The “Bong Hits 4 Jesus” decision last month by the U.S. Supreme Court probably does not signal that Texas school children must check their free speech rights at the schoolhouse door. School administrators in Texas should be prepared to give wide berth to students engaging in political speech. Peaceful, non-disruptive anti-abortion protests or demonstrations against the war in Iraq, for example, likely remain beyond the power of school authorities to censor.
The Bong Hits case started in 2002. A public high school in Juneau, Alaska let students out of class to watch the Olympic torch pass by on its way to Salt Lake City for the winter Olympics. Students gathered across their school on a public sidewalk. One of the group, senior Joseph Frederick, and several of his friends unfurled a banner with a cryptic message: “Bong Hits 4 Jesus.” Principal Deborah Morse ordered Frederick to take down his 14-foot banner. When he refused, the principal suspended him for 10 days. Frederick then filed a federal lawsuit against the principal, claiming that his free speech rights had been violated. He won in the lower federal courts before the case landed in the U.S. Supreme Court.
When Texas students return to school in the fall, the Bong Hits 4 Jesus decision probably will provide no basis for limiting their political speech.
The principal argued that she had not violated the student’s free speech rights. She contended that the message was about illegal drug use and that she had the right to punish a student for broadcasting such a message at an official school event.
This reasoning was persuasive for Chief Justice Roberts, who wrote the majority opinion in the 6-3 decision. “It was reasonable for the principal to conclude that the banner promoted illegal drug use and that failing to act would send a powerful message to the students in her charge.” Roberts wrote that drug abuse can cause severe and permanent damage to the health and well being of young people. To the chief justice, the state’s interest in deterring drug use by school children was sufficient justification for the punishment meted out by the principal. Indeed, to Roberts, this was not even a First Amendment case because it did not implicate political speech. “Because schools may take steps to safeguard those entrusted to their care from speech that can be reasonably regarded as encouraging illegal drug use, the school officials in this case did not violate the First Amendment by confiscating the pro-drug banner and suspending Frederick,” the decision reads.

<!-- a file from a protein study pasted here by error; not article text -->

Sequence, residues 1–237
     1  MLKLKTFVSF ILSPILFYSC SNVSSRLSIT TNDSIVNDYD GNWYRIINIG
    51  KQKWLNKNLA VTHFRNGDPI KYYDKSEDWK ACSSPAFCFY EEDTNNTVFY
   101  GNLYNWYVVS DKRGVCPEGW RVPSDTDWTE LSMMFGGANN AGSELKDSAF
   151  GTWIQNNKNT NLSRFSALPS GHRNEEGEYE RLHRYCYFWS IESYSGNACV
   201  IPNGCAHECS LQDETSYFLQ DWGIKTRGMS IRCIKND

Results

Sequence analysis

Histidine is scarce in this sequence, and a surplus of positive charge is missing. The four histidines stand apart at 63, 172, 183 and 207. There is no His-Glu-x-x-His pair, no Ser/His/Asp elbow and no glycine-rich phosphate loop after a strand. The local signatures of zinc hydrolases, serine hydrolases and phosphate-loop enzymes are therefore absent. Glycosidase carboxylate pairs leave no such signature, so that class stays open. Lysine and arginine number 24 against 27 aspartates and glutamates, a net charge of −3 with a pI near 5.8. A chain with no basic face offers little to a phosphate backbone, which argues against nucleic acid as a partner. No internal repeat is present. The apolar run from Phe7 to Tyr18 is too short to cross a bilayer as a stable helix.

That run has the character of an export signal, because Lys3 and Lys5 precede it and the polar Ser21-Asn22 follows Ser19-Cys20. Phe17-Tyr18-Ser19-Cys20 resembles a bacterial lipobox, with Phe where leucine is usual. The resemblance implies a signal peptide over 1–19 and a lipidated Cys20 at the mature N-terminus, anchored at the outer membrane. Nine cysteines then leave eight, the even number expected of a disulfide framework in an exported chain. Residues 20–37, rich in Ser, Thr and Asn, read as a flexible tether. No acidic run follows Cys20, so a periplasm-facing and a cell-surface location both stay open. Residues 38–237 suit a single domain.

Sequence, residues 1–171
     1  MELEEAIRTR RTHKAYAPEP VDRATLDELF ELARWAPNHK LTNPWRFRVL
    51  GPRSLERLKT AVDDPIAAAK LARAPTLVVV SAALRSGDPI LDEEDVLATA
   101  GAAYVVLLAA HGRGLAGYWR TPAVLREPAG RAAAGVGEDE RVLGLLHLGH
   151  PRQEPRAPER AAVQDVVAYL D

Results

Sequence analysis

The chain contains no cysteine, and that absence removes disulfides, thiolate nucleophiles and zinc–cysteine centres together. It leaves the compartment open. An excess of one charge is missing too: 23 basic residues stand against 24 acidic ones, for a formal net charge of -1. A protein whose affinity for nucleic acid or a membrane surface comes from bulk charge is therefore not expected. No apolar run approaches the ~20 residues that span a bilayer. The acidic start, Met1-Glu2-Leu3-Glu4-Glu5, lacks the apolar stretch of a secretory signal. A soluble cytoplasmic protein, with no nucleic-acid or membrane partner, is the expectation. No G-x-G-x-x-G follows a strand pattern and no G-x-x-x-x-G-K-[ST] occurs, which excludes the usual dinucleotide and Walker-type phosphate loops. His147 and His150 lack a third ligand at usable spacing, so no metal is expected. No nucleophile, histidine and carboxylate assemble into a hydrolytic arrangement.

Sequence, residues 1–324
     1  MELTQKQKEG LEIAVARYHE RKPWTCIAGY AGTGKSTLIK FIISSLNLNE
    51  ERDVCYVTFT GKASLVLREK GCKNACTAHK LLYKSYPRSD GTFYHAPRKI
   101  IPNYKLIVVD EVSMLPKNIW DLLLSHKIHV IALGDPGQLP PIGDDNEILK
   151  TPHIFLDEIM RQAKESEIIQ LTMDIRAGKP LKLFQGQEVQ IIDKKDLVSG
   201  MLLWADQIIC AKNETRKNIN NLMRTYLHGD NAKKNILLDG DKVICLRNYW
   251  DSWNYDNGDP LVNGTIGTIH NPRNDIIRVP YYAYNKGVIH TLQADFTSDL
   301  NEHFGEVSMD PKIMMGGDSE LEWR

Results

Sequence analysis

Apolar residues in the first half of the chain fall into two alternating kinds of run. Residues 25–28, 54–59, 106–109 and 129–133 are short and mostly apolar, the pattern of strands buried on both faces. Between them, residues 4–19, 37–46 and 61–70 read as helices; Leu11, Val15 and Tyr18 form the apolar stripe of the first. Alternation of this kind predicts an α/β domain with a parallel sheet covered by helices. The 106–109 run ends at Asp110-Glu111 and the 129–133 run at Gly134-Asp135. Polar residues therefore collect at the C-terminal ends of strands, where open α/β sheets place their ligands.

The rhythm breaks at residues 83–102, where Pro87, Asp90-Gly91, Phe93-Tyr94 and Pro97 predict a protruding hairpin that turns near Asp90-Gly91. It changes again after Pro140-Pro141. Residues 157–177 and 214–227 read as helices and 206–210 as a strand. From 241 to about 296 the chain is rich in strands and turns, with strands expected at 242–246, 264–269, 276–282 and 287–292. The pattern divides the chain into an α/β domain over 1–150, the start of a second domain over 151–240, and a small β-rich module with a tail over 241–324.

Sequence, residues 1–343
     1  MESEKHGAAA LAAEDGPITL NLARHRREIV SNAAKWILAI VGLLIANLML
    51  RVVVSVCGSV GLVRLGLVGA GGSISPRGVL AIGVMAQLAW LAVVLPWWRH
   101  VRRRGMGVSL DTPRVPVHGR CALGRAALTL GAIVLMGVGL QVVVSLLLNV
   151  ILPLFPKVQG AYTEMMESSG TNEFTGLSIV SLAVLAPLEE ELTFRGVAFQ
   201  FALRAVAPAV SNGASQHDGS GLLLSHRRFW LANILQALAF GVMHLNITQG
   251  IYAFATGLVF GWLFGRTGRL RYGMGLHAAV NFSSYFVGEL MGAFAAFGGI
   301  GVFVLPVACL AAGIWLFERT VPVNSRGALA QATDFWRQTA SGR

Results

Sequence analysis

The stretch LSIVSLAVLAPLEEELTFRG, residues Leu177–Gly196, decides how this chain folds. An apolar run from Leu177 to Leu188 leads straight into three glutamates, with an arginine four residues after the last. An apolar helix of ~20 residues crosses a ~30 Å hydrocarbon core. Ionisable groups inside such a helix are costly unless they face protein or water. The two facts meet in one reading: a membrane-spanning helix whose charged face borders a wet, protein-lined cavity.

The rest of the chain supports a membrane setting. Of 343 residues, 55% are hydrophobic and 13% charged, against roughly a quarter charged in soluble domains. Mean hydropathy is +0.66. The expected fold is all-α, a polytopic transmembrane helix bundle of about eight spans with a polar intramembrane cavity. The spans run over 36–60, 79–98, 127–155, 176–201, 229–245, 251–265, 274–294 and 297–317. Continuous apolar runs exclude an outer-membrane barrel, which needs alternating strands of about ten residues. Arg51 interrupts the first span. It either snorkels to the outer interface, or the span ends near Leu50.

The three dissenting justices, led by Justice John Paul Stephens, were sharply critical of Robert’s reasoning. Stephens wrote that the Roberts opinion creates out of cloth a special First Amendment rule permitting the censorship of any student’s speech that mentions drugs. To Stephens, the banner was not one advocating drug use but simple nonsense speech that should not have been the subject of disciplinary action. To Stephens, allowing school officials to punish such nonsensical speech may result in later cases allowing school officials to punish “a full and frank discussion of the cause and benefits of the attempt to prohibit the use of marijuana.”
Chief Justice Roberts went to some lengths to explain that the majority opinion must be read narrowly and not as any encroachment over the right of students to engage in political speech. Roberts noted that while some decisions of the Supreme Court have limited student free speech rights in certain circumstances, young people do not give up all their First Amendment rights when they enter a school. A concurring opinion by Justice Samuel Alito reiterated the narrow view of the majority opinion. Alito wrote that the majority opinion provides no support for any restriction of speech that can possibly be interpreted as commenting on any political or social issue.
When Texas students return to school in the fall, the Bong Hits 4 Jesus decision probably will provide no basis for limiting their political speech. Should young Texas scholars unfurl a banner at a school event that reads “Texas pro-life students for Jesus,” or one that proclaims “Texas anti-war students for peace,” the Morse v. Frederick rule provides no ammunition for a principal bent on punishing that expression.
Jackson Walker partner Paul Watler regularly provides podcasts for Texas Lawyer.